When a ‘UFO’ flies by, does it upset bears?

 

If a person saw an unidentified flying object suddenly shoot past overhead, odds are that his or her heart would begin to beat more rapidly. Now, new research led by experts at the University of Minnesota, St. Paul has found that the same thing happens to bears.

Writing in the August 13 edition of the journal Current Biology, Dr. Mark Ditmer of the UM Department of Fisheries, Wildlife and Conservation Biology and his colleagues explained that the unmanned aerial vehicles (UAVs) used by wildlife researchers to observe creatures in their natural settings cause the heart rates of American black bears to soar.

The UAVs, which help experts monitor species (particularly endangered ones), do not appear to have any effect on the bears’ demeanor, and the creatures rarely run away or seem startled. Yet the new research found that the heart rate of bears subjected to drone flybys can rise by as much as 400 percent.

“Going in, we had four hypotheses: 1) no strong behavioral or physiological response 2) a behavioral only, 3) physiological only and 4) both a behavioral and physiological,” Dr. Ditmer explained to redOrbit via email. “Given that bears in this area are routinely exposed to human sights, sounds and smells in forms of farming equipment, agricultural areas and vehicle traffic, we expected the bears to mostly take the UAV flights in stride.”

“Therefore I hypothesized that we might see a slight rise in heart rate but I thought we would mostly just see a behavioral response,” he added. “The magnitude of some of the heart rate spikes were shocking. An adult female with cubs’ heart rate was 41 beats per minute prior to the unmanned aerial vehicle flight but it spiked to over 160 beats per minute during the flight.”

Should the use of conservation drones be discontinued?

As part of their research, Dr. Ditmer and his fellow investigators placed Iridium satellite GPS collars and cardiac biologgers on free-roaming American black bears living in the northwestern part of Minnesota. These collars sent the team an email with the location of the bears every two minutes, while the biologgers provided a consistent record of their heartbeats.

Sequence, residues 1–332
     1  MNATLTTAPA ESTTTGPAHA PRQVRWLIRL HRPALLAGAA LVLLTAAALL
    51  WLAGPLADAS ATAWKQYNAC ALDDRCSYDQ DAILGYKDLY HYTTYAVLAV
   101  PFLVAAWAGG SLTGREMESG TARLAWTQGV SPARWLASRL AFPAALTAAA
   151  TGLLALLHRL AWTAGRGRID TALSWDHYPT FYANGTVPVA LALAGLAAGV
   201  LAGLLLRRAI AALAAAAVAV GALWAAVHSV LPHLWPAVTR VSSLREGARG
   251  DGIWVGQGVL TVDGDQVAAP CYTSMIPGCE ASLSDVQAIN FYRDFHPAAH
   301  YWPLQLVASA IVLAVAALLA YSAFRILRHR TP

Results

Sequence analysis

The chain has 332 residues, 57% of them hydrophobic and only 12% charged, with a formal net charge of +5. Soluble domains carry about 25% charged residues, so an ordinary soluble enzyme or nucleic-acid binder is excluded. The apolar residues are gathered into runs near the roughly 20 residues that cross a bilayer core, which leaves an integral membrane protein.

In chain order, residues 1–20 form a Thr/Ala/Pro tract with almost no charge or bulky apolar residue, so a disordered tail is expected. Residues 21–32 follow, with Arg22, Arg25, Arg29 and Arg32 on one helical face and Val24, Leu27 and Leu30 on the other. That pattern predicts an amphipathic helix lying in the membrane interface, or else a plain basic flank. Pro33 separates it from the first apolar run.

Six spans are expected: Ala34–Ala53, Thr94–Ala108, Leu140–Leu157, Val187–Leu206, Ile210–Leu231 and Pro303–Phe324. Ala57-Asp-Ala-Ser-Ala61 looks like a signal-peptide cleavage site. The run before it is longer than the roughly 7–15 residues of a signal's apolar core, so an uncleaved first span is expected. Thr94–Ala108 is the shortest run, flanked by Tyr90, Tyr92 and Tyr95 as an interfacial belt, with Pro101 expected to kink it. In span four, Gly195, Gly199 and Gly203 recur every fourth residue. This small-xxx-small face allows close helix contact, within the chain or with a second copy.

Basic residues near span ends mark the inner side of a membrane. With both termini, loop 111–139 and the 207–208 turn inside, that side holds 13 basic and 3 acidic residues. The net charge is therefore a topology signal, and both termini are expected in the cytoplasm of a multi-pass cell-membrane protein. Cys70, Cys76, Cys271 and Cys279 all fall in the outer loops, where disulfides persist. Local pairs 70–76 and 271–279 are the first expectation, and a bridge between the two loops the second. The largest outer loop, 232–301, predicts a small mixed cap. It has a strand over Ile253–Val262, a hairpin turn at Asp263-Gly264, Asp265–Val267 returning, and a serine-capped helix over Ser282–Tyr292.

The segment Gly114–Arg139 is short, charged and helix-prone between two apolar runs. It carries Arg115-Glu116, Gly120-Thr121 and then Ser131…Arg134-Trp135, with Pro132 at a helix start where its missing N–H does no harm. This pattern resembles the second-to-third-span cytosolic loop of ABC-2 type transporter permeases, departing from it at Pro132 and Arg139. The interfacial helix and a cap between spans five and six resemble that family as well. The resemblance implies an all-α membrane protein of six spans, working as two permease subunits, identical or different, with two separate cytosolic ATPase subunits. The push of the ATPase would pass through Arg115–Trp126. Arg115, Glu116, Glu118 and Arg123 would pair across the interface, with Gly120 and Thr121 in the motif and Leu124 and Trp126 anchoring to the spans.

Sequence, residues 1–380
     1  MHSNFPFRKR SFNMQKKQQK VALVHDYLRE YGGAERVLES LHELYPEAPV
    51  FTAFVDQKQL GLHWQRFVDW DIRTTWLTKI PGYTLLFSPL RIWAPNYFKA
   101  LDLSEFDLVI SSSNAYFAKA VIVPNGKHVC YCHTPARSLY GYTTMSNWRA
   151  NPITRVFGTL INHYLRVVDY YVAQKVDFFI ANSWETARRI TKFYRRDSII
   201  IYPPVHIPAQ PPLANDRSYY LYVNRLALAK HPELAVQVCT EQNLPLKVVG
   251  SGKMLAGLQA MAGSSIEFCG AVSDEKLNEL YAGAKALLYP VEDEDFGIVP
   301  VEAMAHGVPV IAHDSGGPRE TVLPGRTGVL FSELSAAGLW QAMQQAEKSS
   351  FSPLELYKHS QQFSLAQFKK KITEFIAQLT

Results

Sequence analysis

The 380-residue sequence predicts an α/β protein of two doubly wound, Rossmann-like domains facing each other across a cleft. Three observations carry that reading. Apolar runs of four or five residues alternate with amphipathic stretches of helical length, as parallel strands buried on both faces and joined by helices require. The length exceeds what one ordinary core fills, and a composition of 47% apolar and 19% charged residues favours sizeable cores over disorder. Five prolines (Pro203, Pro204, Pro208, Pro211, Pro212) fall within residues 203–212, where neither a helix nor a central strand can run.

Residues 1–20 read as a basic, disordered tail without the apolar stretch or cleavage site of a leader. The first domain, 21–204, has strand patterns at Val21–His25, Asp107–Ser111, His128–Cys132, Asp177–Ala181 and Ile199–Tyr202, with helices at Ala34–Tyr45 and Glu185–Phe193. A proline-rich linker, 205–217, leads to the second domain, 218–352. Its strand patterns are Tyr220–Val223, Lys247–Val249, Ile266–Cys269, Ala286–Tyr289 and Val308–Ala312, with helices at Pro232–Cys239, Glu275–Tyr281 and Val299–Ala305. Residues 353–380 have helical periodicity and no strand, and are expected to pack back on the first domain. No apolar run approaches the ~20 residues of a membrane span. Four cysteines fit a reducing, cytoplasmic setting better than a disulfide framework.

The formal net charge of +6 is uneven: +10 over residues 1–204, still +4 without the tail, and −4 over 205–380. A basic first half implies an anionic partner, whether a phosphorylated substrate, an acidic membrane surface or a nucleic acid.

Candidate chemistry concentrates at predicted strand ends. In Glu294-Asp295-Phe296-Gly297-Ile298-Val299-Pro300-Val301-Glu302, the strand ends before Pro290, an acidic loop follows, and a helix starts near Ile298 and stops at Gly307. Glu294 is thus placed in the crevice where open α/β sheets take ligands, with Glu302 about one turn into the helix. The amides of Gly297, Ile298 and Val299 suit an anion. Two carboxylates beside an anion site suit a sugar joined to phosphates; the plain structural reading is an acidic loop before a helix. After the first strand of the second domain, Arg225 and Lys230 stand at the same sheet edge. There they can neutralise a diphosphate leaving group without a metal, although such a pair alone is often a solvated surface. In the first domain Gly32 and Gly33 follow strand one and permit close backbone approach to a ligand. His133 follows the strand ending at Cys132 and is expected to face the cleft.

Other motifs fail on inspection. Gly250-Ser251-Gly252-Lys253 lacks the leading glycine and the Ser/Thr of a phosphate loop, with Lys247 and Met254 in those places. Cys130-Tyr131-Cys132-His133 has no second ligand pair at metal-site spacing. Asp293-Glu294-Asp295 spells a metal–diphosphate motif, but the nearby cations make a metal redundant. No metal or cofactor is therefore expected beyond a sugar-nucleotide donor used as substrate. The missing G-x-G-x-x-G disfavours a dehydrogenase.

Next, they programmed a UAV to fly to the bear’s most recent location, and monitored the data to see how the bears reacted to the five minute long drone flights. Over the course of 18 flights conducted in the vicinity of four different bears, only twice did the animals show any significant change in their behaviors. However, each of the bears had strong physiological responses in the form of elevated heart rates, from which they recovered quickly.

Dr. Ditmer’s team said that it will now be necessary to consider the additional stress on wildlife caused by UAV flights when developing regulations governing the drones and when deciding the best scientific practices for the flying machines. In addition to being a valuable research tool, the UAV has been used to discourage poaching and to locate animals for ecotourism.

“By no means are we advocating against the use of UAVs, especially for research or conservation,” Dr. Ditmer said. “UAV’s hold tremendous potential for scientific research and as tools for conservation. Our research is a cautionary tale to let people know we need to understand the trade-offs of UAV use. If using a UAV to keep poachers away causes some stress in an individual I would certainly say it is very worthwhile.”

“However, until we know which species are tolerant of UAVs, at what distance animals react to the presence of UAVs, and whether or not individuals can habituate to their presence we need to remember that their presence may have a negative impact that isn’t always obvious,” he added.

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